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A Glimpse Into the 3D Accelerator's Past (Page 1/2)

Posted: November 11, 2000
Written by: Dustin "TimmyC" Jones


If you look back many years to the dawn of 3D acceleration, you can't help but be amazed at how far the technology has progressed. Back in the "Glide-only-days" of NHL 98, Need for Speed 1 & 2 SE, and the plethora of other "3D accelerated" games, the 3dfx Voodoo was king and a user with one was a god.

Now, I could look back really far into the introduction of EGA, CGA, VGA, yada yada yada; but really, that's just boring. Perhaps some of you are interested in how I had an ancient 512kb Trident video card that could only do 16 colours and 640x480, but I'm the one that wrote this, so I get to decide. :-)

3dfx's Voodoo Graphics Chip

At first, 3D acceleration was primarily used in big, symmetric-multiprocessor machines like SGI boxes; i.e. Onyx and Indigo. They were exceedingly expensive and pale in comparison to the raw, unrelenting, polygon crunching power of today's video cards. That in itself is amazing, isn't it?

Loaded with games, this was packed with the Monster 3D.

The first really useful commercial 3D acceleration was from 3dfx -- they virtually started the whole video card race as we know it. Its flagship chip, the Voodoo Graphics Chip, was the king of the hill for a long time. This baby featured a whopping 4mb of on-board memory in most configurations, and had some mind blowing features like bilinear filtering and alpha transparency. I was pretty envious when I first saw one of these things in action.

3dfx didn't produce consumer video boards at first, only chipsets; much like Nvidia does today. Because of this, it was up to manufacturers to make quality cards. The best Voodoo card was the Diamond Monster 3D, at least for single chip boards. There were other boards that were great in comparison, such as the Canopus Pure3D, but these weren't as easy to obtain as the Monster 3D, which was on-shelf in virtually every computer store. The Monster 3D received rave reviews everywhere, and basically brought Diamond back from the dead. (According to some people. :)) Here are a few quotes from the July 1997 issue of PC Gamer:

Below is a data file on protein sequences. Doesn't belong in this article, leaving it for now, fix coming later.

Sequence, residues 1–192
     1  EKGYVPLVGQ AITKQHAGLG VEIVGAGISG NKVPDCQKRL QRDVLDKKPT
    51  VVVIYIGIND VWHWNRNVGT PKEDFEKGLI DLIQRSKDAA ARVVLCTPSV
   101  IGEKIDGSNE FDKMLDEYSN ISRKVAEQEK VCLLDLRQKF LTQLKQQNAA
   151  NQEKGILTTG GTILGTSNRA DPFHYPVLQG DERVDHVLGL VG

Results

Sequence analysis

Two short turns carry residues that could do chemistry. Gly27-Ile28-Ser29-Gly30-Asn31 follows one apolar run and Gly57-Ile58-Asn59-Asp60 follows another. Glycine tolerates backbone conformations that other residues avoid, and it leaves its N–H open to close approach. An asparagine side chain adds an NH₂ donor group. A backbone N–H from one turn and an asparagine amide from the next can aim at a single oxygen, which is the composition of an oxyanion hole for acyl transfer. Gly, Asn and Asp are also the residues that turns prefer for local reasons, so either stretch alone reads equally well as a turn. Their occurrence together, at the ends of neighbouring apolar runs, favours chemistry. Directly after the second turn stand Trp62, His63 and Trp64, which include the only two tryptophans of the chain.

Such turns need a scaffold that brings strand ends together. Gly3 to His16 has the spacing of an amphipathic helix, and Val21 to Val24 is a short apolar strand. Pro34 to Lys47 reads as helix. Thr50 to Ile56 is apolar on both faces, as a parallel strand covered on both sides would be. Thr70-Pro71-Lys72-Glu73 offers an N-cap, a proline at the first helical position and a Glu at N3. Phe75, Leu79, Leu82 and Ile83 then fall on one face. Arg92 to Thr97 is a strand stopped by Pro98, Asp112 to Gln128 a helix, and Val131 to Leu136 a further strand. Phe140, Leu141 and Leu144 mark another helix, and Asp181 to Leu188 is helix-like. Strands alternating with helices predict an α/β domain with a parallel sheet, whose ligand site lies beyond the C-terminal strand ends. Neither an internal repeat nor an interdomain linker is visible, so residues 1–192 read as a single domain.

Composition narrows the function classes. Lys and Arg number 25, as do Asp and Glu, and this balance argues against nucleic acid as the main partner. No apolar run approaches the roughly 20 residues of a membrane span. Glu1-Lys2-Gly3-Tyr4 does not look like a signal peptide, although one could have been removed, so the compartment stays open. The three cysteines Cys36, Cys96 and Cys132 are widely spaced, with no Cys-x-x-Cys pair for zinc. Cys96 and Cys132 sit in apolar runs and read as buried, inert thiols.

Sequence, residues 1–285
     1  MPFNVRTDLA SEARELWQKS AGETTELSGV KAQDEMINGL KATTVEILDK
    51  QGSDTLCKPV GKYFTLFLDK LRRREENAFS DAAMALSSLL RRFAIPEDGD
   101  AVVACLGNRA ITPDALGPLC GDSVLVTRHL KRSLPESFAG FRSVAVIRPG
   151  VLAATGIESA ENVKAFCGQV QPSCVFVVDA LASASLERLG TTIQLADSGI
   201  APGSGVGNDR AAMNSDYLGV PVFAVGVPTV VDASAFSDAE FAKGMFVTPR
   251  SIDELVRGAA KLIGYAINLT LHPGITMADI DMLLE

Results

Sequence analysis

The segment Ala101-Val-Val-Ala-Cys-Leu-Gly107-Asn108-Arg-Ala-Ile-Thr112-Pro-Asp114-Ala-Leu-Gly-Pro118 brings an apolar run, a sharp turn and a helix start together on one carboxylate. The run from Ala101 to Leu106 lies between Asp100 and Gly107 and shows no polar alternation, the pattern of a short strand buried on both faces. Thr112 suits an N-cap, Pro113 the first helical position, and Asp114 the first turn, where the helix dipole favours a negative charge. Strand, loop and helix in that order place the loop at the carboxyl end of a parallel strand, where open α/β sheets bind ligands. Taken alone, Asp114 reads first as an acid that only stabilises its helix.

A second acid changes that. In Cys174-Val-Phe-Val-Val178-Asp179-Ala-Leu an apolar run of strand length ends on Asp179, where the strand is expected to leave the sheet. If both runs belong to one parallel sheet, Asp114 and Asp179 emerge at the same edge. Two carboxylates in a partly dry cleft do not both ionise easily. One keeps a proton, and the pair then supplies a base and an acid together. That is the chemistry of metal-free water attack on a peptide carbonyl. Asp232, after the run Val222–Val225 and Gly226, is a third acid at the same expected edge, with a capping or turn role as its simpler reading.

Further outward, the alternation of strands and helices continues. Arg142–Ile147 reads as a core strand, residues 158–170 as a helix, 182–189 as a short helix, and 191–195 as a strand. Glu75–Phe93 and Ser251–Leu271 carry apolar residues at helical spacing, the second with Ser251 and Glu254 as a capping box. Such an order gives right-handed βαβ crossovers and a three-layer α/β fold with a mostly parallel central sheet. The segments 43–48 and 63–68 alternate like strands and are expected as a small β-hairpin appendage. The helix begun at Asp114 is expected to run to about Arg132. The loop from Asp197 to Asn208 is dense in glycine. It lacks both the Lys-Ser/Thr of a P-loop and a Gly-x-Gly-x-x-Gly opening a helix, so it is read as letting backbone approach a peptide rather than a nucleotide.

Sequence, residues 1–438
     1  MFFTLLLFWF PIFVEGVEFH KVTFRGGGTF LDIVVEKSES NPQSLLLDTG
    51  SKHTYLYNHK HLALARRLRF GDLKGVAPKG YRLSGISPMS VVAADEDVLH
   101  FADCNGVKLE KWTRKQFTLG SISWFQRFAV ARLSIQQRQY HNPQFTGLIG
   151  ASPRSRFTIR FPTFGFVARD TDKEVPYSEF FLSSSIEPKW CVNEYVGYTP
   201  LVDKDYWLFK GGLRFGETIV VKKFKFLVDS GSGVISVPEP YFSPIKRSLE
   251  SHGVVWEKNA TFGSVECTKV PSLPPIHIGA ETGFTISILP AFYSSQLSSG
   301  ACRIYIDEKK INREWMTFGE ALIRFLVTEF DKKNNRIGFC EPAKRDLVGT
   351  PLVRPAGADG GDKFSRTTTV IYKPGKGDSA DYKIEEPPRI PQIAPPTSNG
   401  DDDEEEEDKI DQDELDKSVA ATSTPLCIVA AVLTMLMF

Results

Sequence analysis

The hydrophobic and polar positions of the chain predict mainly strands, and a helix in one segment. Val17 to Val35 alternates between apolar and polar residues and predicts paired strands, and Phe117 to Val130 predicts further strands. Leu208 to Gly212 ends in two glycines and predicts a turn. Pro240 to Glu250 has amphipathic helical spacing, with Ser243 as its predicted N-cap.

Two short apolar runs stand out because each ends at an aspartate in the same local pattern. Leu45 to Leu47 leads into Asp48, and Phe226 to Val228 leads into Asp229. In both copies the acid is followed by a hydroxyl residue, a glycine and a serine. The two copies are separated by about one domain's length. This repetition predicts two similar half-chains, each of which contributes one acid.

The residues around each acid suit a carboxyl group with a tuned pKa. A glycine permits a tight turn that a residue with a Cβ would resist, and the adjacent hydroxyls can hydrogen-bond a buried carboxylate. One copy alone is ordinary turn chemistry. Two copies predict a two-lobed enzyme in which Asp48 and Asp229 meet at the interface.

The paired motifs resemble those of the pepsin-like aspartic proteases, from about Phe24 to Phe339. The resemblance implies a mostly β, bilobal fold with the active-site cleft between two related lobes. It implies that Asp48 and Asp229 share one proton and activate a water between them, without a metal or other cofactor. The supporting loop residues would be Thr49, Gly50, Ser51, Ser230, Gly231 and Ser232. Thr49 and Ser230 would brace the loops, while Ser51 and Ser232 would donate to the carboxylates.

... In performance terms, this board is really a Monster. Running GLQuake A 3d accelerated version of Quake that's compatible with 3Dfx boards on our reference 200MHz MMX machine, it scored very respectable 31.9 frames per second at 640x480 resolution...

... supporting bilinear filtering; anti-aliasing; Gouraud shading; MIP Mapping (which eliminates that annoying "sparkling" effect you sometimes see on texture-mapped graphics); perspective correction; texture modulation (for smoother lighting effects); per-pixel alpha blending (more realistic fog effects)...

During the time of that review, the Diamond Monster 3D cost $199.95. It was one of the fastest cards around. Today, the fastest cards for gaming are priced upwards of $400. Ouch!

A tiny pic of the Monster 3D box.

The Competition Strikes Back

From 3dfx's success came competition. Nvidia with its popular Riva 128 chip, Rendition, PowerVR, 3DLabs, and others quickly set up shop in the commercial arena. None of them really took off to the extent 3dfx had, however. One of the Power VR offerings was the Apocalypse 5D from VideoLogic. This card had 8mb of ram, and many of the same features that the Voodoo did, which are common place today. Unlike the Monster 3D, this card was 2D and 3D. It was actually quite a fast card for its time. At last, users didn't need to buy a 2D card then add a second card and pass-through cable to get screaming fast 3D.

VideoLogic's PowerVR-powered Apocalypse 5D Sonic.

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